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Indians and WannabesNative American Powwow Dancing in the Northeast and Beyond$
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Ann M. Axtmann

Print publication date: 2013

Print ISBN-13: 9780813049113

Published to Florida Scholarship Online: May 2014

DOI: 10.5744/florida/9780813049113.001.0001

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PRINTED FROM FLORIDA SCHOLARSHIP ONLINE (www.florida.universitypressscholarship.com). (c) Copyright University Press of Florida, 2021. All Rights Reserved. An individual user may print out a PDF of a single chapter of a monograph in FLASO for personal use.date: 23 September 2021

A Polychronic Genealogy

A Polychronic Genealogy

Chapter:
(p.17) 2 A Polychronic Genealogy
Source:
Indians and Wannabes
Author(s):

Ann M. Axtmann

Publisher:
University Press of Florida
DOI:10.5744/florida/9780813049113.003.0002

This chapter on powwow history introduces “polychronic genealogy”––a term that emerges from Native American concepts of space and time. Sundry performative actions and performance practices and the concept of the ongoing force of Iruska, “fire power,” and can be traced to colonial––and most likely pre-Columbian––dance societies. Utilizing archival and oral records to track the sources of powwow performance, Axtmann discusses the transcultural features apparent in powwow development among the Plains Indians as well as among eastern tribes. These shared features include the circular dance floor; the spectacle of entrance parades; dancers’ embodiment of animals, birds, and insects in gesture and regalia; and the recurrence of specific vignettes, such as the Eagle Dance Ceremony. Chapter 2 also juxtaposes the Omaha Hethushka–Grass Dance society of centuries ago with today’s grass dance style.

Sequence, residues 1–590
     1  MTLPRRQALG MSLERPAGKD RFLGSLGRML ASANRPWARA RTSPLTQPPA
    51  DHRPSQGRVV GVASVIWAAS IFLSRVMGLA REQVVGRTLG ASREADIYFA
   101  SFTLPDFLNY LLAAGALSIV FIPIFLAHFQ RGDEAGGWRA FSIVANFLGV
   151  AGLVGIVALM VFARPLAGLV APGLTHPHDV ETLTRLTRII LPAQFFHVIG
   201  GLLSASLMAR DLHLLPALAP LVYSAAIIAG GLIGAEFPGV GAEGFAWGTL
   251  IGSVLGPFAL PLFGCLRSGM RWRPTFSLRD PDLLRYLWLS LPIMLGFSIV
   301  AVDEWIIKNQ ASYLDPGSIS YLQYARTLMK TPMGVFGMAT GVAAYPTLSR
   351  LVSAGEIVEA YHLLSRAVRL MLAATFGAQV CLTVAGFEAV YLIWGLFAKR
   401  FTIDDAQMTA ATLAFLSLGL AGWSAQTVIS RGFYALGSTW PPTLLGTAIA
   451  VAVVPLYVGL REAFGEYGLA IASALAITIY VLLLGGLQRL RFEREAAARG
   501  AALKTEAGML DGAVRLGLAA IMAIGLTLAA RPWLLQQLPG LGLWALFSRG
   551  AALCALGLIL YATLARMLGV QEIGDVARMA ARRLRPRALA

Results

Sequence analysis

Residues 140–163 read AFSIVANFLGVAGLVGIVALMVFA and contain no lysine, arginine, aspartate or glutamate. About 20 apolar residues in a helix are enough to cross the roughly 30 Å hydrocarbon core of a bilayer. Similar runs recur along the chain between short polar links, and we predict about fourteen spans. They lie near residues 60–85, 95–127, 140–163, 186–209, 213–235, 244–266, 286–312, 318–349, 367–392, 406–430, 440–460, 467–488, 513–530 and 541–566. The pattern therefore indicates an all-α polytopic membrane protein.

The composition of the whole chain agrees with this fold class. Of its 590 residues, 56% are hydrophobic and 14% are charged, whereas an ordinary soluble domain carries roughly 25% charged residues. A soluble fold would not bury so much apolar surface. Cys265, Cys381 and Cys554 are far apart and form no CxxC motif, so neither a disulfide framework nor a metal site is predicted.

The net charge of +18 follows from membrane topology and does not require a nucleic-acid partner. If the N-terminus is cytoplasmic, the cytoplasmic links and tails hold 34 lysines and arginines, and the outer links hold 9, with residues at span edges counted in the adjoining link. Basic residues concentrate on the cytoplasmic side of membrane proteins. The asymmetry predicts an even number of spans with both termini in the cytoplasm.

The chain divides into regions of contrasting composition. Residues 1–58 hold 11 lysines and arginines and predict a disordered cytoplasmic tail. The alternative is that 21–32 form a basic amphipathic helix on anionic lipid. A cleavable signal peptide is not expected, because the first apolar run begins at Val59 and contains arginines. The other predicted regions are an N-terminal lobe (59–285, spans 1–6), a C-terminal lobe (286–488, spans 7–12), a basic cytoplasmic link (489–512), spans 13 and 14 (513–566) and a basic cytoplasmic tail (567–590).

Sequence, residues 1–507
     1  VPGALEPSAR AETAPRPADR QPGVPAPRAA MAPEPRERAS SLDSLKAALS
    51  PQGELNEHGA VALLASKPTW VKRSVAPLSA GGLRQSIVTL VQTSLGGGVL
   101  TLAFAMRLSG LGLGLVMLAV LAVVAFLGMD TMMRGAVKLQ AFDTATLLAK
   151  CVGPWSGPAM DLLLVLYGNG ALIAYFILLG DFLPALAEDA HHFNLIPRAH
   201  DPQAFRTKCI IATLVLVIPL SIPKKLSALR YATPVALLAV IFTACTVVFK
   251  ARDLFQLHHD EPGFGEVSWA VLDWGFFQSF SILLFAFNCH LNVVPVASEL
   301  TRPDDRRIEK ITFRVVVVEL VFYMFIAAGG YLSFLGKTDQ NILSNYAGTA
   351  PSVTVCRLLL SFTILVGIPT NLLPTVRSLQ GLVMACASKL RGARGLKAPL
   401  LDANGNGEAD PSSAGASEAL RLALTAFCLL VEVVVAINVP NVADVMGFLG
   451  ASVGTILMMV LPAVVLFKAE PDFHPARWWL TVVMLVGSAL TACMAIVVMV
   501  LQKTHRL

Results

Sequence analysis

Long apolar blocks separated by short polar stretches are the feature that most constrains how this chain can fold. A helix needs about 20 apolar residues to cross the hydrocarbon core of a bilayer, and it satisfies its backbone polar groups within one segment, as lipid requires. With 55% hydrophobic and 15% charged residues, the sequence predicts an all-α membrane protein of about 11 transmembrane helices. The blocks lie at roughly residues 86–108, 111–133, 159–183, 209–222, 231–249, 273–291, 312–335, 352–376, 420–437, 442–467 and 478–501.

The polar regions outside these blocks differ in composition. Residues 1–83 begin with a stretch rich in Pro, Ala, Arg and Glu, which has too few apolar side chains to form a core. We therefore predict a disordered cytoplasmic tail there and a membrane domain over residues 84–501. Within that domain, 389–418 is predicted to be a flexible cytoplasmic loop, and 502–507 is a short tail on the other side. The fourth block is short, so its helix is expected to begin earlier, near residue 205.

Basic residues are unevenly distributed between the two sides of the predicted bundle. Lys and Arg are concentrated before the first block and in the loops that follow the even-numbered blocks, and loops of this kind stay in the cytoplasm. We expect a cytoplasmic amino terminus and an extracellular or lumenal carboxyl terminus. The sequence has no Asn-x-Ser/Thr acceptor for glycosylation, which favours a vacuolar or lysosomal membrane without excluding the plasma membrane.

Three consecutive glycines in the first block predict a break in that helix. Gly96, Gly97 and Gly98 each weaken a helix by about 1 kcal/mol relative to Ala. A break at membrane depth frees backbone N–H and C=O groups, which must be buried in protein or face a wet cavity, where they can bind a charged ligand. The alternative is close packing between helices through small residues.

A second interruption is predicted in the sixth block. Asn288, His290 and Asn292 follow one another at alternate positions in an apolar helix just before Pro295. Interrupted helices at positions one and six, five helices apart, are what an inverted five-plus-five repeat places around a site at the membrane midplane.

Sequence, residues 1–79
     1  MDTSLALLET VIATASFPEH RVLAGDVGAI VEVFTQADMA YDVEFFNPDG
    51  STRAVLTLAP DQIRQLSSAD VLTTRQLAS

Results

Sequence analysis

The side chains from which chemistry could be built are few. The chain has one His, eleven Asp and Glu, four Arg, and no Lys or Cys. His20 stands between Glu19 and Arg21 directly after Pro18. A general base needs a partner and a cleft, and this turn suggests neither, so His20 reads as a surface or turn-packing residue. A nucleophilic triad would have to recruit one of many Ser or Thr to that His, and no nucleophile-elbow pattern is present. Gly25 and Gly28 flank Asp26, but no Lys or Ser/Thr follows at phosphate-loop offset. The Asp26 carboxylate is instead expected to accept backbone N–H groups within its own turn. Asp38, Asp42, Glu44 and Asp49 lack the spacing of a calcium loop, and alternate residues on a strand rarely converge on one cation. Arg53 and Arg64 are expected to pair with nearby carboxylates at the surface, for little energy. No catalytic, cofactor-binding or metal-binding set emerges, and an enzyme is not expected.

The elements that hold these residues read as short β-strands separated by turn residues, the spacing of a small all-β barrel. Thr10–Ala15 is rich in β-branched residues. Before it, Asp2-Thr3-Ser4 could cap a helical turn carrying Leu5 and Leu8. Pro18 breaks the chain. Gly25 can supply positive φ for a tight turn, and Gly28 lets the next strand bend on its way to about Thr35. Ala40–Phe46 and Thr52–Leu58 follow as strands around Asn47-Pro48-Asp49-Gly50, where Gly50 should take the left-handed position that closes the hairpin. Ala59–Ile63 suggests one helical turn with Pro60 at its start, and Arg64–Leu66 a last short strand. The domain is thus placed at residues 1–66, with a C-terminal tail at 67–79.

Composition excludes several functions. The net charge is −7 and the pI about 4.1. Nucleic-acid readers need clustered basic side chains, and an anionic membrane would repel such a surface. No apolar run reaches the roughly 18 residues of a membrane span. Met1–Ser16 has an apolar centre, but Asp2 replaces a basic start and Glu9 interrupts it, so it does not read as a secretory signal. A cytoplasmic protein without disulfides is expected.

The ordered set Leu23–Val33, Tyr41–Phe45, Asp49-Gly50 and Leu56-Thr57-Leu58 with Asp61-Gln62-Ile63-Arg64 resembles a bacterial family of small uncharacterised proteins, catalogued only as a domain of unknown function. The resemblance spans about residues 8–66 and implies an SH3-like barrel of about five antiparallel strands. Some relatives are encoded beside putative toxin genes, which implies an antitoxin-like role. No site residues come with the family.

Keywords:   dance societies, Eagle Dance Ceremony, grass dance style, Iruska, Omaha Hethushka/Grass Dance society, performance practices, performative actions, polychronic genealogy, powwow history, vignettes

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